Some observers believe the problems started in April 2010 when NHS Croydon was given the added responsibility of hosting London Specialised Commissioning Group. It is thought that running the £800million project may have stretched the resources of officers beyond their ability to cope.

The committee, which is comprised of councillors from Sutton, Richmond, Croydon, Merton, Wandsworth and Kingston, meet again on 24 September. It will call a number of witnesses including Ann Radmore, Chief Executive of NHS South West London.

Ms Radmore was appointed Sector Chief Executive for South West London in 2009 and led the establishment of the SWL Cluster in early 2010.

Another witness will be Dr Peter Brambleby, who was Croydon’s Director of Public Health from March 2010 to February 2012. On 6 July he blew the whistle on NHS London’s decision on 28 June to try to hide the deficit as a ‘prior period adjustment’ which, despite Dr Brambleby’s revelation, the South West London Cluster tried to repeat on 26 July.

Heather added: “Key personnel involved in the Better Service Better Value team planning the future of healthcare in south west London are involved in this Croydon mess. What confidence can we have in their plans for St Helier?”


The London Ambulance Service has revealed alarming journey time figures to Sutton Councillors.

[ Heather, Paul Burstow MP and Richard demonstrating their opposition to the threatened closure of of the Accident and Emergency Department, outside St. Helier hospital ]

Alarming figures from London Ambulance Service stunned Councillors at the special meeting, attended by Heather, of Sutton Council’s Scrutiny Committee, a meeting focusing on St Helier Hospital, on Monday June 11.

Bill Arkell, Operations Manager for Sutton and Streatham, shocked the meeting by revealing that journey times for emergency patients will more than double if St Helier’s Accident and Emergency (A&E) ward is closed.

Currently, the average journey time to St Helier is 8.5 minutes. Under the new proposals that will soar to 14-15 minutes to St George’s in Tooting, 16-17 minutes to Kingston and up to 20 minutes to Croydon Hospital.

Liberal Democrat Councillor Mary Burstow, Chair of the Scrutiny Committee, said: “These are truly alarming figures. Report after report has shown that the quicker people get treatment the better the outcome. Doubling journey times can only put Sutton residents at greater risk.”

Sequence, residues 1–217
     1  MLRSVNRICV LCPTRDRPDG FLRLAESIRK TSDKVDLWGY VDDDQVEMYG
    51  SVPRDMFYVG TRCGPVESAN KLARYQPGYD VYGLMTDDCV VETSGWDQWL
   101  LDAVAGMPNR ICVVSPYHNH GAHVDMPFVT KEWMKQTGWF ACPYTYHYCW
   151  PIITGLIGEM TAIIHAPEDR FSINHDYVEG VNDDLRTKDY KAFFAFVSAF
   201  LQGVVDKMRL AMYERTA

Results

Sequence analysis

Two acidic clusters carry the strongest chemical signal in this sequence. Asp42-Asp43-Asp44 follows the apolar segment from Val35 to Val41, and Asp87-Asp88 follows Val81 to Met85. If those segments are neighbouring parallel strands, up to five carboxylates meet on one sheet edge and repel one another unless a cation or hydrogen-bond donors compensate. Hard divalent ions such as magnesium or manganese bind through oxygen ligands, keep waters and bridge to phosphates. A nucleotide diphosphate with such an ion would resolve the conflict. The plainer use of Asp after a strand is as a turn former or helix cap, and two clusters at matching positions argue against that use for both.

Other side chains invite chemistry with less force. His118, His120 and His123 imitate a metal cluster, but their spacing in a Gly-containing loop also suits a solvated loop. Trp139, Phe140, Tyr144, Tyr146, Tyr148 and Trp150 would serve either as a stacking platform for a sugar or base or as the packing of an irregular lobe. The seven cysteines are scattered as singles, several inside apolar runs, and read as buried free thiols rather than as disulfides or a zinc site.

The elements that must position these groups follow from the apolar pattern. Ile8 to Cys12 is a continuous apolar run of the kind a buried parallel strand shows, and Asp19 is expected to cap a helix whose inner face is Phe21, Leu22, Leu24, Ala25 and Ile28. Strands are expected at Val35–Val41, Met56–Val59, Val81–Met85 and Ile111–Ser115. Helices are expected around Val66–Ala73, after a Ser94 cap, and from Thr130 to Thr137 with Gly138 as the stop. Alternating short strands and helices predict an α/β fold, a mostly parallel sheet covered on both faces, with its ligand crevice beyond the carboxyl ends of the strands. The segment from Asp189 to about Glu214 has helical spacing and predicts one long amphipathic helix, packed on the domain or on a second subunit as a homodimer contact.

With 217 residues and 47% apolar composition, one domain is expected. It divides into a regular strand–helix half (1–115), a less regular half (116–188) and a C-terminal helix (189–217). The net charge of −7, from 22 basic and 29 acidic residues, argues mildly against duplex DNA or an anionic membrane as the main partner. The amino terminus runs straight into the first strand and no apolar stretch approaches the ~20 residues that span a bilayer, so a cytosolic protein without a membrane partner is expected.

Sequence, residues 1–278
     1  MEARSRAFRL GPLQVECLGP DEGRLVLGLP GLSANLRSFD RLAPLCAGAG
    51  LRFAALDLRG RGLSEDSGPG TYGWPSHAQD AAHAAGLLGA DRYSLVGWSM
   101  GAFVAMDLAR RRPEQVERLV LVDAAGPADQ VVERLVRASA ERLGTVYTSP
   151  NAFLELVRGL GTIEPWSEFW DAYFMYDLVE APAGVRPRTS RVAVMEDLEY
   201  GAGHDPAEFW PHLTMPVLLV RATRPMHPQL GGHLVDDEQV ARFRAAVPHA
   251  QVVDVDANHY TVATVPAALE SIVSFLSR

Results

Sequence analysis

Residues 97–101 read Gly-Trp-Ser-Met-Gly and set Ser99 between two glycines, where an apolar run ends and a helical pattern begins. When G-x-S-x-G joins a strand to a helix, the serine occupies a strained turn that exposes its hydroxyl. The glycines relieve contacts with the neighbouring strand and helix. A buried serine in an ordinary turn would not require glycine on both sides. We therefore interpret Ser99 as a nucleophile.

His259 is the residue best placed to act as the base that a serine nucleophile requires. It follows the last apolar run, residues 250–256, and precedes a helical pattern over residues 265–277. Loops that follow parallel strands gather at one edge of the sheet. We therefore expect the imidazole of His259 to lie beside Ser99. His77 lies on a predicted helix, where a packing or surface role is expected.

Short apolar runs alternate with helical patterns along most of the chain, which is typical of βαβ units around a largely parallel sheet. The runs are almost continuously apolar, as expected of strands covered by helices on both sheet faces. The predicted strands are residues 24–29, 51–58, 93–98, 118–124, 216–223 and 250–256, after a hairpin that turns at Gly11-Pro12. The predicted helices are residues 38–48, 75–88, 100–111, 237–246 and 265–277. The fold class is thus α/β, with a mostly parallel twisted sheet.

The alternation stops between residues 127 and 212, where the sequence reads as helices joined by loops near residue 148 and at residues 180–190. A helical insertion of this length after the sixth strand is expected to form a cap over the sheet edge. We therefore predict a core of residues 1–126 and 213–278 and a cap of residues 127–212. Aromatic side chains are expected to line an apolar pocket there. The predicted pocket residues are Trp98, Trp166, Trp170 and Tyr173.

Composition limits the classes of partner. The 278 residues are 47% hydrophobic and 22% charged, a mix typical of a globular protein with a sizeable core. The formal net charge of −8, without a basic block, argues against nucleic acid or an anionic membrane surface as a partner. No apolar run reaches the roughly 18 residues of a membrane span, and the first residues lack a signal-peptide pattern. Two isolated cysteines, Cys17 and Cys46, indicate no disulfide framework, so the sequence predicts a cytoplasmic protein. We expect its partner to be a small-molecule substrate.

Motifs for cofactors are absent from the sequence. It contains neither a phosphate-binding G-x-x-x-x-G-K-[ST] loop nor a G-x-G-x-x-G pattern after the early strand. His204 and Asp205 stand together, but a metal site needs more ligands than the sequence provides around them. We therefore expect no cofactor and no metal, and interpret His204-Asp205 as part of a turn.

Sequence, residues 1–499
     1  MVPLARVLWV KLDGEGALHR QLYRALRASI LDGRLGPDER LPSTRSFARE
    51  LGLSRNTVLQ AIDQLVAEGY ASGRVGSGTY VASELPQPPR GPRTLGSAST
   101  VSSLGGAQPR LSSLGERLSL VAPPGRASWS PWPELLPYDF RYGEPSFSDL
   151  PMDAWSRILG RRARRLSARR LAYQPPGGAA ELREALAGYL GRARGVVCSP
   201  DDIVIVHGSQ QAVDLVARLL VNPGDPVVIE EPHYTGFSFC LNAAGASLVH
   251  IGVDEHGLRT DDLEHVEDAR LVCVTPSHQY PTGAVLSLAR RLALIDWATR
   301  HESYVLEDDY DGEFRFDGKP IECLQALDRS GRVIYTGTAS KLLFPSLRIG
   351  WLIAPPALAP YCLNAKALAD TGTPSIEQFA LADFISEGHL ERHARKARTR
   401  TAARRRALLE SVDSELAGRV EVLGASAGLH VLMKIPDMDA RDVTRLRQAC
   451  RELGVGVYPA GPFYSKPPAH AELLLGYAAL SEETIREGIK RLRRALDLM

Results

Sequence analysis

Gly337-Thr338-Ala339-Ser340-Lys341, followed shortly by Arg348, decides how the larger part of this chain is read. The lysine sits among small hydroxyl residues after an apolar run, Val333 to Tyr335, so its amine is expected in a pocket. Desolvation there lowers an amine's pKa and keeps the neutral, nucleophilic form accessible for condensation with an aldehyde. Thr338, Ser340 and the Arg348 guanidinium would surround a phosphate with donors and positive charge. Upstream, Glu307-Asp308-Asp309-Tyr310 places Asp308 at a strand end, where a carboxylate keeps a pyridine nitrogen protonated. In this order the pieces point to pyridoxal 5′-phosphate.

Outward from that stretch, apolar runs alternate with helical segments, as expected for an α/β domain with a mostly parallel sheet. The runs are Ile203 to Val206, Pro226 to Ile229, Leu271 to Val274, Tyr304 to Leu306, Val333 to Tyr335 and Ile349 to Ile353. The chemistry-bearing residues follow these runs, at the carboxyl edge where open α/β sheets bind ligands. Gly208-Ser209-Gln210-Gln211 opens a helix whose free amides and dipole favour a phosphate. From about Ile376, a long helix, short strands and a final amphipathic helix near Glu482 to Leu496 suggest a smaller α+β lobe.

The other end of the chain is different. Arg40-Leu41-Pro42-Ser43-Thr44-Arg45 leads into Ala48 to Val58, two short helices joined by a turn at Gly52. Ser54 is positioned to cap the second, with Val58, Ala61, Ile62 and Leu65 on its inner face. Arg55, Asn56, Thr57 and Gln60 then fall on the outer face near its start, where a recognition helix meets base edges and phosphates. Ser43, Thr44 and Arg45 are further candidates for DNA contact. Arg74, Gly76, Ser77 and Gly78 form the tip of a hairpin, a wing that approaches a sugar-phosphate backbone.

The well-attended meeting also heard that turnaround time – how long it takes from an ambulance arriving at a hospital to being ready to go on another call – is 15 minutes or less on average at St. Helier Hospital, again half the time of neighbouring hospitals.

Councillor Burstow added: “In light of these figures, it is absolutely astonishing that Better Services Better Value (BSBV) [the NHS body that recommended closure of St. Helier’s Accident and Emergency Department] didn’t bother to ask seek wider views and opinions.”

The BSBV panel last month recommended that St Helier Hospital’s A&E, maternity and children’s wards should be closed – leaving St George’s, Kingston and Croydon to deal with the patients.

St Helier would instead become a centre for planned operations.

Age UK Sutton, which represents around 27,000 people – and Sutton Carers – which has 4,500 registered members looking after thousands of people – also told the meeting that they had also not been consulted before BSBV made its recommendations.

In robust exchanges between councillors and Rachel Tyndall, BSBV Senior Responsible Officer, and Mike Bailey, Acute Medical Director for BSBV, Sutton Council Leader Ruth Dombey referred to previous threats to St Helier saying: “We have been through years of uncertainty, so we are more than a little cynical.”

Councillor Dombey added: “Under the proposals St Helier would become the site for elective surgery for patients from Ham to New Addington.

“Is there any guarantee they would come? What about the transport issues? Where would they park when they got here?”

During the meeting it was revealed that BSBV’s recommendation supposes that between 2013 when the decision is due to be made and 2017 when it should be implemented, up to 50% of A&E patients would be persuaded to seek treatment in the community instead of going to hospital.